and of course, there have been some pressure on them both to lean into the voting rights aspect of things a little bit more. it is something that has been somewhat more resistant depending on your perspective. there's some critics that have been too resistant about it. but do you expect to happen, and what do you think can happen if the president decides that they are going all in on voting rights? >> well, look, if the president decides that this is a number one issue and a number one initiative then that has a big impact in washington. and so, that is one thing that he will do more to lean into the voting rights question tomorrow when they give remarks. because, you know, we are talking about the survival of our democracy. we are talking about the basic right to vote and we are talking about the recent tense across the country to restrict that. in ways that favor the republican party. and we simply can't allow that
to happen. so president does have a point. he should put whatever pressure on that he can apply. >> bill, you and your group have taken on an ad on conservative television tonight. the difference with the president is that if he has this politics, and he goes, on and he still has kyrsten sinema and joe manchin. how does he solve that problem? >> well, manchin and sinema support the bill. the question is how they voted for it to support changing the filibuster in certain ways to make it possible to pass it. i think that he needs to try to persuade them. maybe they need to do another. vote maybe need to pull out individual parts of the vote. no intimidation for elected officials. no pardons of overruling by election admission to live. let's just put that on the floor. are republicans really don't impose that? i think that there might be ways to begin to make it harder for republicans to oppose this
and also convince manchin and sinema that the republicans can keep on opposing. they've got to support the forms of the filibuster. they've opened that door. manchin has at least some. but with those doors will be is not so clear right now. >> gentlemen, thank you for your time tonight. eugene robinson and bill kristol. coming up, pivotal to a new normal. fighting to learn to live with the risk of covid. when the 11th hour continues. ur continues i'm jonathan lawson here to tell you about life insurance through the colonial penn program. if you're age 50 to 85, and looking to buy life insurance on a fixed budget, remember the three ps. what are the three ps? the three ps of life insurance on a fixed budget are price, price, and price. a price you can afford, a price that can't increase,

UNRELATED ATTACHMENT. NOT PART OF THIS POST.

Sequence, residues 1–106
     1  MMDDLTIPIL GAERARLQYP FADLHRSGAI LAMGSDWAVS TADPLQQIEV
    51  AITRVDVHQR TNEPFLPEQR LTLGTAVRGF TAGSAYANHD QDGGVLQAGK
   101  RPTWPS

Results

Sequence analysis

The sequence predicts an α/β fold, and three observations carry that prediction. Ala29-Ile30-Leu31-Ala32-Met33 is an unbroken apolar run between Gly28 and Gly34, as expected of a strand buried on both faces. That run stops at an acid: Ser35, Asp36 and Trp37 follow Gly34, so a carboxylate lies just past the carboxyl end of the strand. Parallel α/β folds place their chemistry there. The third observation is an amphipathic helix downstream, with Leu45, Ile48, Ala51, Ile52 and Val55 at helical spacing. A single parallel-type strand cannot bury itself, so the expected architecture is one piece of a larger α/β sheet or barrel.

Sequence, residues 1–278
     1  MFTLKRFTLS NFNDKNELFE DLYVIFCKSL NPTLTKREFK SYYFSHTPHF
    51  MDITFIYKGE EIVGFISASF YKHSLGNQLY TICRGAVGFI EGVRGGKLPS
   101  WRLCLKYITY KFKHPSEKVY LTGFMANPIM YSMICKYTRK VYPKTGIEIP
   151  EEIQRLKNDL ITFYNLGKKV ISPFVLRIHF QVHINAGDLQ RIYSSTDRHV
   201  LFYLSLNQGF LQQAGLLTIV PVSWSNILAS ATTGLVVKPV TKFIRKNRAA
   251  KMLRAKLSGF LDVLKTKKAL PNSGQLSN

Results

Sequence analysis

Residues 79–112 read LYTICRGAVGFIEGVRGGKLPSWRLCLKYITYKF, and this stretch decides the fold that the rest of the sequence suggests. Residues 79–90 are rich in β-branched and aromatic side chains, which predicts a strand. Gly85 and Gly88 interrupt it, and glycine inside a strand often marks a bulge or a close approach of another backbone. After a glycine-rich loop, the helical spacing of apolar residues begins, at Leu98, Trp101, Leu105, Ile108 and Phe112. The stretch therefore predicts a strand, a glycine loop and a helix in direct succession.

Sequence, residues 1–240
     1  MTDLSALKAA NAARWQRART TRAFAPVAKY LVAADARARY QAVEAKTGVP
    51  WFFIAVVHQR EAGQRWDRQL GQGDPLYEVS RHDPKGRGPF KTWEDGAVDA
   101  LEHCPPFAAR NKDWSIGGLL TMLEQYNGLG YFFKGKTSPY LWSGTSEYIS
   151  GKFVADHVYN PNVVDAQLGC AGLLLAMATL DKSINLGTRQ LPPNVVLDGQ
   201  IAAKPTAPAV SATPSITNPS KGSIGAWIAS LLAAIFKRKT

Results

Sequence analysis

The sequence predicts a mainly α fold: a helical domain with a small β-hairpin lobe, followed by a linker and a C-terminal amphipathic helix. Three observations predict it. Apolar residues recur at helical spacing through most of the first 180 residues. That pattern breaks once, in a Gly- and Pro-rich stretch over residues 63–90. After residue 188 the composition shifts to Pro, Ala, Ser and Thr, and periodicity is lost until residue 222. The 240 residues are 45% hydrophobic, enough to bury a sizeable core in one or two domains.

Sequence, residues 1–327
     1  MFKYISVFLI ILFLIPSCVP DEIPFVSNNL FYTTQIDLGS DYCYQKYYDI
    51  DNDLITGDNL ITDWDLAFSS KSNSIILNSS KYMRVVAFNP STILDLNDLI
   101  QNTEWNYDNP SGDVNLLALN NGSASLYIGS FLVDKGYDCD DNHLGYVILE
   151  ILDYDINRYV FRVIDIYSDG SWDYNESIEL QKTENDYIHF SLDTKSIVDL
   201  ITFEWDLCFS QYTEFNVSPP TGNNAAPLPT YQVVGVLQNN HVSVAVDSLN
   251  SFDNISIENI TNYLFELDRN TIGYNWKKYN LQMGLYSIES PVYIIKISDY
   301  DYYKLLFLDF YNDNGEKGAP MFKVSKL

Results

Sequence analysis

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surge in cases. the cdc says it will not change the definition of what it means to be fully vaccinated. but the agency released new guidance today and now recommending that all people, all eligible people stay quote, up to date. staying up today with covid vaccine shots. back with us tonight is celine gounder, professor of menace and infectious diseases at the end why you school of medicine and bellevue hospital. she is part of a panel that advised the biden team. she hosts a weekly podcast on the impact of the coronavirus called epidemic. doctor gounder, it is good to see you again. i want to get your sense of this. because you and i have been talking throughout the entire pandemic about the pattern of it. when we saw omicron start in south africa we saw a steep ramp up and then we saw a steep dropoff. and we saw that elsewhere. americas bigger. the geography is larger. it is more complicated. how do you process where we are in this continued moment and how we should be responding? >> ali, i do think that we are
going to see a similar spike up and spiked backed down here in the united states with respect to omicron transmission. but there is, as you point out, some very important differences in terms of the demographics of country like south africa. a much younger country. many of their immunocompromised patients have hiv a.i.d.s., in this country. we have older people, not only do we have people with hiv and a.i.d.s. but also people who are highly immunosuppressed from associations with cancer, diseases, all the different medications that they may be taking. so we have a slightly different context in which the omicron variant is playing out here. >> what is your sense of people who are saying that this new variant is so contagious. and so many people are getting it that it is causing some people to think, hey, maybe i should get this and just get it